🔍 Man in the Middle: Lt. Col. Alexander Vindman, the National Security Council’s top expert on Ukraine, testified yesterday that Trump asked Ukraine to investigate Joe Biden, quickly sparking accusations of disloyalty from right-wing figures. In GQ, Julia Ioffe writes about the “questioning of a American Jew’s patriotism” in a personal and incisive essay. “While Trump has a history of attacking anyone who questions his power,” she wrote, “there is a particularly insidious history to questioning the loyalty of Jewish émigrés.” In Commentary, John Podhoretz writes “that a career Army officer might have a dual-loyalty problem, which is one of the lowest things I can imagine any American politician or commentator insinuating.” [NYTimes; GQ; Commentary]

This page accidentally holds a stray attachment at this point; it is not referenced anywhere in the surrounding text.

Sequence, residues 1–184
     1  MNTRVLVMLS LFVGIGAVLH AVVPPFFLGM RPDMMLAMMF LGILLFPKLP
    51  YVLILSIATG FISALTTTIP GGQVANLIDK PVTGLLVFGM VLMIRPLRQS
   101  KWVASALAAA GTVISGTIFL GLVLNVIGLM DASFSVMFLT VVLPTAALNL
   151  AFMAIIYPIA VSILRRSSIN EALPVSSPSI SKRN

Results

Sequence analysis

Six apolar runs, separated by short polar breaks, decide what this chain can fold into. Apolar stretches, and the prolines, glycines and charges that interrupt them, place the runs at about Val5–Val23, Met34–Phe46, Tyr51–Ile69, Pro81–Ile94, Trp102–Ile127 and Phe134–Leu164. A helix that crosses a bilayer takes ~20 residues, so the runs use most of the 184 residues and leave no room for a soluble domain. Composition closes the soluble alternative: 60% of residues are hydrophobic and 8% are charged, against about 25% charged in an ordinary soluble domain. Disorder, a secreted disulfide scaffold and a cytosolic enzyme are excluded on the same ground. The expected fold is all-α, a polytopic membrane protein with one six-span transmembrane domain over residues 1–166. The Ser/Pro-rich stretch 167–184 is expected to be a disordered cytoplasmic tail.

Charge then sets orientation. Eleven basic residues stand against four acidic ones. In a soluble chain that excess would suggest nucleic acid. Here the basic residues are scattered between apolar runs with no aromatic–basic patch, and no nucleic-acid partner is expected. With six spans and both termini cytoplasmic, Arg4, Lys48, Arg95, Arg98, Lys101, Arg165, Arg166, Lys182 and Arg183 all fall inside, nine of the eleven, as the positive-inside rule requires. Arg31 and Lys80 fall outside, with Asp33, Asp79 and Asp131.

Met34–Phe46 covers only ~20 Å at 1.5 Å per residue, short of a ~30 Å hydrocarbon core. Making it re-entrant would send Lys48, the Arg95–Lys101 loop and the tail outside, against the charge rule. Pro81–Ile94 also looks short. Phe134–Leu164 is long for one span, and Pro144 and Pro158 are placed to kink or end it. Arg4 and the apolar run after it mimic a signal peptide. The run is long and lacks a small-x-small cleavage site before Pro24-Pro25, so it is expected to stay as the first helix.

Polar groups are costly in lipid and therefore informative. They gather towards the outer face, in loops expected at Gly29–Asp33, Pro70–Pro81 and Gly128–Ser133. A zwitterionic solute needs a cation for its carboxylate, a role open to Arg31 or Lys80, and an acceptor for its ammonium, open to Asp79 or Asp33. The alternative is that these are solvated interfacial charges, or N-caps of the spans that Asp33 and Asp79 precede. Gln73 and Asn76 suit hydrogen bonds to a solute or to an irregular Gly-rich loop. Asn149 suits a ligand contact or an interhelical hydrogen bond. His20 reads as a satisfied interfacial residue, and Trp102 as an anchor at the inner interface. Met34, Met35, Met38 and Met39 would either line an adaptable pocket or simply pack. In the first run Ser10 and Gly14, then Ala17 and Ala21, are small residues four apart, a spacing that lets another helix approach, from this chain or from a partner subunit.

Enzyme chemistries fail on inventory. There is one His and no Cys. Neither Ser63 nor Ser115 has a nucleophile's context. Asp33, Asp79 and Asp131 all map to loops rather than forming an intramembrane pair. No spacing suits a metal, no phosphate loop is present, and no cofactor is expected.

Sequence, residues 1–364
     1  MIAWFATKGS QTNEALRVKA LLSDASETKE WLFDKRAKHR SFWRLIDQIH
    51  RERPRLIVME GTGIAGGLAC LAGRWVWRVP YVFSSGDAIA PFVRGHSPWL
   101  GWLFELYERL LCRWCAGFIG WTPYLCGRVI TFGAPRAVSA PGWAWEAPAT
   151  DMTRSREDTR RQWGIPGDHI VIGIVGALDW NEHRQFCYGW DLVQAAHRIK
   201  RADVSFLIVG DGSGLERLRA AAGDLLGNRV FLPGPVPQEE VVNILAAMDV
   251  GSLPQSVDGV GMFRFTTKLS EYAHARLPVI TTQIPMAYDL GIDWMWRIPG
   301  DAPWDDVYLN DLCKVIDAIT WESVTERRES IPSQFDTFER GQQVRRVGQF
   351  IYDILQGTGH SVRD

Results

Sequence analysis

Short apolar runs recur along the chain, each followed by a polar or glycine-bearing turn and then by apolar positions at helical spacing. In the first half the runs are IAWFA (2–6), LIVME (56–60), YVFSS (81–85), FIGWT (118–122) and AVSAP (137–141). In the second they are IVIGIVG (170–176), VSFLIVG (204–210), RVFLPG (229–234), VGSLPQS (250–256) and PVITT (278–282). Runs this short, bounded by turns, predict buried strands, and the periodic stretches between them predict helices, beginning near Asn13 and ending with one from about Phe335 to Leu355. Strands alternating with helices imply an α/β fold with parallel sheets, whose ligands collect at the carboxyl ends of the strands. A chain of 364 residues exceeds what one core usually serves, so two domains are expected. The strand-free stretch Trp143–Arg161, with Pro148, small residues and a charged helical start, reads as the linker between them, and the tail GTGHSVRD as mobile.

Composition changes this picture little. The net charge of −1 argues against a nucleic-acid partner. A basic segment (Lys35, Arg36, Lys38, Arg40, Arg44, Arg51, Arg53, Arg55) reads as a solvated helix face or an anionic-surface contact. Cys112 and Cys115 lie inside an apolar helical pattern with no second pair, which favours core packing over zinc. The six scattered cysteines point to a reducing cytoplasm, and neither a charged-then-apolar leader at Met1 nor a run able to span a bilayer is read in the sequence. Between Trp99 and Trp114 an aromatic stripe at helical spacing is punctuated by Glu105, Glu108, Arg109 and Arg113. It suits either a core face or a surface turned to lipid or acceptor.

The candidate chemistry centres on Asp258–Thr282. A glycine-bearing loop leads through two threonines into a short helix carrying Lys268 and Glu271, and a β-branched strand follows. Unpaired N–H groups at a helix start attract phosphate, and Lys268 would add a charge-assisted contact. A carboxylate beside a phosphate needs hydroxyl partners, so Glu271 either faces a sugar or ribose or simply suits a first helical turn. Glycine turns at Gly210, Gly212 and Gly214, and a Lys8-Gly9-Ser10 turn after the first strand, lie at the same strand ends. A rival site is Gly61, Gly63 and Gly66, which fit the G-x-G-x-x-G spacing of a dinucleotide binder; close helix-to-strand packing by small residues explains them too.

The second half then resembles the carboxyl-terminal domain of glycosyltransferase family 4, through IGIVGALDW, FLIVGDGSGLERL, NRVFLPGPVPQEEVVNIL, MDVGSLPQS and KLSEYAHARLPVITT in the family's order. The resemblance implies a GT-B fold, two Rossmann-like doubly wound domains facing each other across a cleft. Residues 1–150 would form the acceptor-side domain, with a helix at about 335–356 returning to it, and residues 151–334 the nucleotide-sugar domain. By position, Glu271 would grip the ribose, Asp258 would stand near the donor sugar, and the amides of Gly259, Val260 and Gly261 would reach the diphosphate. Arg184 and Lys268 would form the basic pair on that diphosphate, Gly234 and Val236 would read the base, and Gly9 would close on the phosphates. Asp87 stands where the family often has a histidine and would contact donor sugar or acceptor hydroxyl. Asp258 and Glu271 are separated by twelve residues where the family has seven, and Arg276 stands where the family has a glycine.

📱 Spy Suit: WhatsApp filed a lawsuit on Tuesday against Israeli intelligence firm NSO Group, claiming it infiltrated the messaging service to spy on journalists and activists. The Financial Times has detailed WhatsApp’s investigation of the breach and its use to target members of civil society. [FinancialTimes]
👩💼 Congressional Outlier:Politico’s Burgess Everett profiles Sen. Kyrsten Sinema (D-AZ) who “doesn’t really fit in with her fellow Senate Democrats.” Sinema was one of four Democrats who voted with the Republican caucus in support of advancing the Strengthening America’s Security in the Middle East Act of 2019, known as S.1, when it was opposed by the Democratic leadership — during the government shutdown — earlier this year. [Politico]